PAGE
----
We go to proclaim the mystery of faith at Mass, and then eradicate the very tone of mystery in gushing waves of politically correct, hand-holding perkiness. So says Timothy Padgett, a bureau chief for Time magazine in the Jesuit weekly, America (March 4). Thats not what one expects to read in America, so we perked up.
Says Padgett: As a liberal Catholic, I admire the progressive doctrine of Reform Judaism. Last summer, Reform Jews gave me something else to applaud. They have been open-minded enough to restore what they call the affective side of their religion: traditions like Hebrew chant. They now acknowledge that those gestures matter and always will as long as humans are the sensuously spiritual beings they are . It is time for us [liberal Catholics] to ask: in our four-decade-long zeal to make the Mass modern and relevant by burying sublime Kyries under banal Kumbayas have we lost the vital affective side of our own religion? Padgett goes on to speak favorably of Gregorian chant and reserving the shorter prayers, like the Sanctus or Agnus Dei, for chant in Latin.
We were encouraged to read this in, of all places, America. And yet, we sensed something missing, not just a piece or two, but the heart of the matter.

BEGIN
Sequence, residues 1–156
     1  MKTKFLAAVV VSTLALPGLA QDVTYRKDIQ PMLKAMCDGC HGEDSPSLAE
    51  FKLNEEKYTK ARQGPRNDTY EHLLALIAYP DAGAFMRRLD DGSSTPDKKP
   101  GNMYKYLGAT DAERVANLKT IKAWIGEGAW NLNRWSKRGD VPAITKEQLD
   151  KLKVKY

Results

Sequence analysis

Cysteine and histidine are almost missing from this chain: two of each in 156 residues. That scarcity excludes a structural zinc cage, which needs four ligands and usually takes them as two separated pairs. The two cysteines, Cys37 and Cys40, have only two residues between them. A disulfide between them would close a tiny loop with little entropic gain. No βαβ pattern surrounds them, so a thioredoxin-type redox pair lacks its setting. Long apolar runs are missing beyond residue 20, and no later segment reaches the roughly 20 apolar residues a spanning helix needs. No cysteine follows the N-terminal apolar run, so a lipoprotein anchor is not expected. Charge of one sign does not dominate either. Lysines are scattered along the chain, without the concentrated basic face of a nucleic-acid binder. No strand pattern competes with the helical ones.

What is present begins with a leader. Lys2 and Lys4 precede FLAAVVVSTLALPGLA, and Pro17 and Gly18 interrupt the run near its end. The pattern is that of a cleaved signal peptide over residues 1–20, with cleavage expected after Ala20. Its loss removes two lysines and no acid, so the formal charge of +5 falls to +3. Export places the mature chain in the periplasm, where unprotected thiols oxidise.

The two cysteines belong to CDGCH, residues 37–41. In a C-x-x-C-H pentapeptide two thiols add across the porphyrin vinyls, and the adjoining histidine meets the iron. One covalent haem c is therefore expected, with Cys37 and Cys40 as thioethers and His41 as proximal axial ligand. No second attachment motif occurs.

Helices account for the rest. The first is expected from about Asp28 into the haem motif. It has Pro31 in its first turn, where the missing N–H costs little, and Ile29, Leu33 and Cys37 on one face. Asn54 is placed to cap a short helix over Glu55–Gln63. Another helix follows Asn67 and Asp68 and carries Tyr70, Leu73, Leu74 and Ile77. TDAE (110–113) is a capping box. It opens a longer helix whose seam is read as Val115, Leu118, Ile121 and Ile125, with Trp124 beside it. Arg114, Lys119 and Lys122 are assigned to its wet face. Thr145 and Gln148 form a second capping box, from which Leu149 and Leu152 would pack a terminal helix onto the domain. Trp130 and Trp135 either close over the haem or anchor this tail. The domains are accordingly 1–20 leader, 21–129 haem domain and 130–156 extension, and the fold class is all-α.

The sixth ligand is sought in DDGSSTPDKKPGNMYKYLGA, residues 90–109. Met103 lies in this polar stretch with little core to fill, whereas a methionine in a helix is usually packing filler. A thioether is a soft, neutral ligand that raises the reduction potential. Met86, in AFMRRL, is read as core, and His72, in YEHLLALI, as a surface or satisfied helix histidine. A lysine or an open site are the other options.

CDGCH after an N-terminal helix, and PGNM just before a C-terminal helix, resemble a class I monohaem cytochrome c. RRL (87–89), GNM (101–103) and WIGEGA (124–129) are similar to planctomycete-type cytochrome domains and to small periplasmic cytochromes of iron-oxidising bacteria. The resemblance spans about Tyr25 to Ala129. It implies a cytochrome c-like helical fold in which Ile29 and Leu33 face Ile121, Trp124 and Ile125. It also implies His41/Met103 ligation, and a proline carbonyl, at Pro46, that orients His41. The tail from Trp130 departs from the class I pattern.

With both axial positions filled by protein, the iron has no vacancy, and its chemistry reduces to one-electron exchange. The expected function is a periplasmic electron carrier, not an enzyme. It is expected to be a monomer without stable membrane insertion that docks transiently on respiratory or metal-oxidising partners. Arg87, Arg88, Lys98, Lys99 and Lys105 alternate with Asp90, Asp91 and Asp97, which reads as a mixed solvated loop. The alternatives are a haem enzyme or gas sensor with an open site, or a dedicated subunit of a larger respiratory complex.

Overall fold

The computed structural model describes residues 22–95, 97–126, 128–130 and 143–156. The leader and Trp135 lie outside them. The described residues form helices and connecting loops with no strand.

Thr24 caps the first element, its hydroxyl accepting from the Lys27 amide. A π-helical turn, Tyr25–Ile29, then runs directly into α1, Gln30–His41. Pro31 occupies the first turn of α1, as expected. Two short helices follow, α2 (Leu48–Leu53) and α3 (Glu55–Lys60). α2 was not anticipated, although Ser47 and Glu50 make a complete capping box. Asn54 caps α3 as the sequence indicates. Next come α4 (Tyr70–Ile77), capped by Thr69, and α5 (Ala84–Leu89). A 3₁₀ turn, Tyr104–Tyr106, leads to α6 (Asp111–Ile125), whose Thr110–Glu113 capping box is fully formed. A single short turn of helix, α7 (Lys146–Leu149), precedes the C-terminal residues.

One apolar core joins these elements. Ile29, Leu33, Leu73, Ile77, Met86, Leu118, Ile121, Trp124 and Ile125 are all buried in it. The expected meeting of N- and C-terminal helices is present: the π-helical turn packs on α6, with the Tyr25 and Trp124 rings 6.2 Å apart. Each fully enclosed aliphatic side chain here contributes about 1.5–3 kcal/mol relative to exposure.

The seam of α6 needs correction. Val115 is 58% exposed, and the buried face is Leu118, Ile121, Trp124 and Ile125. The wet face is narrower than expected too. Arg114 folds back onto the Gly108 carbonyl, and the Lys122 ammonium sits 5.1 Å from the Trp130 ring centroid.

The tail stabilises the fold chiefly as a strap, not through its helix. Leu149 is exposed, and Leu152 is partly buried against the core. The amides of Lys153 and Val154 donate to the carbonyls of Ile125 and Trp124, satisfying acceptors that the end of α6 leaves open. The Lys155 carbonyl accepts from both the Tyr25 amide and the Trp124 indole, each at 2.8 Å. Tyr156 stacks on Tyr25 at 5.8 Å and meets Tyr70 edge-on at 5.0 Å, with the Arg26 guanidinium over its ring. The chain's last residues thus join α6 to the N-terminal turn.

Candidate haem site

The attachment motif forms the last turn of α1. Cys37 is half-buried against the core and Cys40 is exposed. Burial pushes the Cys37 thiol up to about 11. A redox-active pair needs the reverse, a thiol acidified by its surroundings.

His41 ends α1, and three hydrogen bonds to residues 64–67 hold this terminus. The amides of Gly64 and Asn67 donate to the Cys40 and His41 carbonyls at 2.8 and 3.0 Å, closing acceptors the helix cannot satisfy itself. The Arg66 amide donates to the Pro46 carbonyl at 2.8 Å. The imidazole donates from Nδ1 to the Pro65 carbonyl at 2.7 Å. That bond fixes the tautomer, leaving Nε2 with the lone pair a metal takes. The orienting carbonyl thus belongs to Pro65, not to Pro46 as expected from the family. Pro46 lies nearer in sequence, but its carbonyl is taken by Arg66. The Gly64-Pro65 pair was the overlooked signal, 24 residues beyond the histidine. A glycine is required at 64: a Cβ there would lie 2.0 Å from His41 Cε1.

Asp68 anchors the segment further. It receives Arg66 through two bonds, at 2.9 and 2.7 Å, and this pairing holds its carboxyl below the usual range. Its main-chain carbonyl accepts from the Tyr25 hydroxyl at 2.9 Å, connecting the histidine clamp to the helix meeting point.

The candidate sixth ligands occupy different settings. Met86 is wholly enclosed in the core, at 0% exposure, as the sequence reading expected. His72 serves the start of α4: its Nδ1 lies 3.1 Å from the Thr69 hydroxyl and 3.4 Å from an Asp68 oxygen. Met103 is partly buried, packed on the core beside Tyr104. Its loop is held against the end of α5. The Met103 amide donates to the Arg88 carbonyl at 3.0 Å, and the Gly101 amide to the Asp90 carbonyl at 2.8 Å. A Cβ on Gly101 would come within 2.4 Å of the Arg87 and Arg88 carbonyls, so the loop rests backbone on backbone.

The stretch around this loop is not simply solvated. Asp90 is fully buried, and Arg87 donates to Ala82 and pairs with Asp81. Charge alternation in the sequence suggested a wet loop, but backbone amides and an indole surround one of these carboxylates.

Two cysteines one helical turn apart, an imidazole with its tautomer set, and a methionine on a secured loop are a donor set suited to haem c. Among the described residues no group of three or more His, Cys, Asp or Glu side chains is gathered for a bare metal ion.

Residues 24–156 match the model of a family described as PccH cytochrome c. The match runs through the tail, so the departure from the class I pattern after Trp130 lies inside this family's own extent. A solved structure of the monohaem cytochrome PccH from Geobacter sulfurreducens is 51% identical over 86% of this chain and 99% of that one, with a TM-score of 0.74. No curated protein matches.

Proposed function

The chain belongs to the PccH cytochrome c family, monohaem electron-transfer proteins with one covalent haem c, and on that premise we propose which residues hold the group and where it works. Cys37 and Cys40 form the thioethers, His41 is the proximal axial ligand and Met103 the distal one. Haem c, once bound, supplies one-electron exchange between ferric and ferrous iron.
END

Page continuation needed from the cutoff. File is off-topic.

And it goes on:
The word affective stuck in our craw Padgett used the word three times in an article that covered only one-and-a-quarter pages. So we turned to our dictionary, which defines affective as concerned with or arousing feelings or emotions; emotional. Yes, its usually a good thing when worship moves us emotionally. But emotionalism is not the essence of worship. When we worship we offer, or should want to offer, our best to God good music and all that. But more than that, at worship God is doing something extraordinary for us, whether we feel it or not.
You have two options:
- Online subscription: Subscribe now to New Oxford Review for access to all web content at newoxfordreview.org AND the monthly print edition for as low as $38 per year.
- Single article purchase: Purchase this article for $1.95, for viewing and printing for 48 hours.
If you're already a subscriber log-in here.